Q: The program did not include all relevant photos and films. What about the Altgens #6 photo?


“With only 44 minutes to work with, producers still had to cut pictures and photos out of the show.”


Q: The appearance of the “Black Dog Man” in Willis #5 was not discussed.


“And that's a shame, for it's an intriguing image, though no one has proven there's anything sinister about him other than being unidentified.”


Q: What about the Weaver photo?


“… it appeared near the end, another victim of editing to fit the time slot.”


Q: What about the recently released Skaggs photo(s)?


“Cut for time, but will appear in the home video, which will be about 7-8 minutes longer, they tell me.  Some of his pictures DID appear, however; for example, the TSBD photo that looks very much like Powell's picture was his.”


Q: What about Croft photo(s)?


“Cut for time and because only black & white prints were available, but he's listed in the credits.”


Q: What about the Betzner photo(s)?


“Cut for time, but he's in the credits anyway.”


Q: What about the Dillard photo(s)?


“Dillard's photos did not show Kennedy, therefore they were ignored.  The show was about the photographers who filmed JFK and those images only.”


Q: What about the Powell photo?


“Powell does not show JFK either.”


Q: What about the Bond photo(s)?


“(the) Bond photos were not available. You have to get permission, you know, and the family has always declined.”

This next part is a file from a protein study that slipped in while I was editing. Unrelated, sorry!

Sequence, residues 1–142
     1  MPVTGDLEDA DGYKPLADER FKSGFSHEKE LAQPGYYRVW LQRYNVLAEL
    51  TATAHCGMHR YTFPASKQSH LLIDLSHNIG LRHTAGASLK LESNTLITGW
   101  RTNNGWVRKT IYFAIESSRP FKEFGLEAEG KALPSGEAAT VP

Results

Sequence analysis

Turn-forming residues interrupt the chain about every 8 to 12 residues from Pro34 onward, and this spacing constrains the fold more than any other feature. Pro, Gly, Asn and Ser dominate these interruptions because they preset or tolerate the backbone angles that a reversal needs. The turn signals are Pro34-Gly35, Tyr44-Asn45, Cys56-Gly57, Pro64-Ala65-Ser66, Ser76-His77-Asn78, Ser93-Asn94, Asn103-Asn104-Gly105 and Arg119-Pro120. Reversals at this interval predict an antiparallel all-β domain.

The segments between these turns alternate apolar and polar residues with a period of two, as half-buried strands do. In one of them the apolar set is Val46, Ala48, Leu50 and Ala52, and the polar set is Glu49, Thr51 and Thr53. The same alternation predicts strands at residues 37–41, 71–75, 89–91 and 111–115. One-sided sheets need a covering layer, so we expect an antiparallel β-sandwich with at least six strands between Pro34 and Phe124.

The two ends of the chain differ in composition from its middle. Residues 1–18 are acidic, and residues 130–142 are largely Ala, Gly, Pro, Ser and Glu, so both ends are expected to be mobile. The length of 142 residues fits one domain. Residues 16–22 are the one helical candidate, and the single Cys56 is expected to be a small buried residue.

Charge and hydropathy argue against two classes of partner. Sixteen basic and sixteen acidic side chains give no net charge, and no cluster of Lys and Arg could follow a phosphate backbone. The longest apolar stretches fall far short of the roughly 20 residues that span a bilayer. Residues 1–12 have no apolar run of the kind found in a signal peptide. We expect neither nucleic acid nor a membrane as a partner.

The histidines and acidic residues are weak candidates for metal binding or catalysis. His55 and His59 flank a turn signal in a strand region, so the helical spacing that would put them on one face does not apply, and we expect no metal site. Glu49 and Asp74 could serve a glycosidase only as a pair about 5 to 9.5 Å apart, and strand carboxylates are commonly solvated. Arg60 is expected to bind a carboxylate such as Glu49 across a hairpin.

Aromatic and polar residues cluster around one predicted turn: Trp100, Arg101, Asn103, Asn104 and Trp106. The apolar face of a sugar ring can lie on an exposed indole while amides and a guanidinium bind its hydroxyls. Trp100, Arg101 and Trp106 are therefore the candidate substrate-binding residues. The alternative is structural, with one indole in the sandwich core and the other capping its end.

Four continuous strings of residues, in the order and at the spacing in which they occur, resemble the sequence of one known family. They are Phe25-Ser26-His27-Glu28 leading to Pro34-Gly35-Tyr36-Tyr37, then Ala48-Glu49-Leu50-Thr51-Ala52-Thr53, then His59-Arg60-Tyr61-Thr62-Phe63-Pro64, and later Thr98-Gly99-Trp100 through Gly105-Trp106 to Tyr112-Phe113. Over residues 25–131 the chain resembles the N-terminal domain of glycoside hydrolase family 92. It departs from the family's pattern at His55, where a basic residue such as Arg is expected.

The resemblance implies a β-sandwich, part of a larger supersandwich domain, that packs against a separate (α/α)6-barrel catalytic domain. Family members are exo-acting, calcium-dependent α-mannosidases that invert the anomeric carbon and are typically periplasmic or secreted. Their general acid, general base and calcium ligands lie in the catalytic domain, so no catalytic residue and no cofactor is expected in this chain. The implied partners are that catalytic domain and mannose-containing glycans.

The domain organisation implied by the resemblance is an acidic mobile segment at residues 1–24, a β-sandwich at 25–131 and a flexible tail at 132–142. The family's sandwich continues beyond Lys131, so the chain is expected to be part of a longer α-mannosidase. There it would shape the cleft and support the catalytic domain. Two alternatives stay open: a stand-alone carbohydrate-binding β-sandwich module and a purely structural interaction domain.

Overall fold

Q: What about the Paschall film?


“The film was not available and was not relevant to the show's purpose, which was the time JFK turned into Dealey Plaza to the last shot.  Paschall's film shows JFK before the Plaza and after the shooting.”


Q: What about the Martin film?


“The original film is not available, at least at this point in time, and the existing copies are extremely dark and only show JFK on Houston.  But so did the Hughes, Muchmore, Dorman and Willis images.”


Q: What about the Bell film?


“Same reason as Paschall.  Jackie's hat at the bottom of the frame on Houston is about all you can see and the post-shooting scene of JFK was not of interest.  Therefore, it was cut.”



Despite the criticisms of some, the program was a well-produced and entertaining look at the Dealey photographers. It also included at least one first - the initial showing of Mack’s copy of the FBI’s Moorman # 5 print. He states, While it was not obvious on television, the FBI print shows the blood spray in the air, thus confirming the Z315/316 timing I figured out some 20 years ago.


A final quote from Mack sums up his own feelings about the program:


“In 2003, there is a concern in television that the subject may not relate well to younger audiences. The overnight ratings showed otherwise, and quite conclusively. Not only was it the highest-rated show in the Unsolved History series, it was the number one show in its time period, beating all other commercial cable channels. Not only was it first in total audience, it was first in the most important 25-49 demographic. And since the preliminary ratings were taken in the top ten markets, it is expected the show will be even stronger when the national ratings are compiled.


In short, the program was a home run for all concerned, and I’m pleased and proud to have been a part of the team that did it and that The Sixth Floor Museum at Dealey Plaza was recognized for the preservation/restoration work we do.”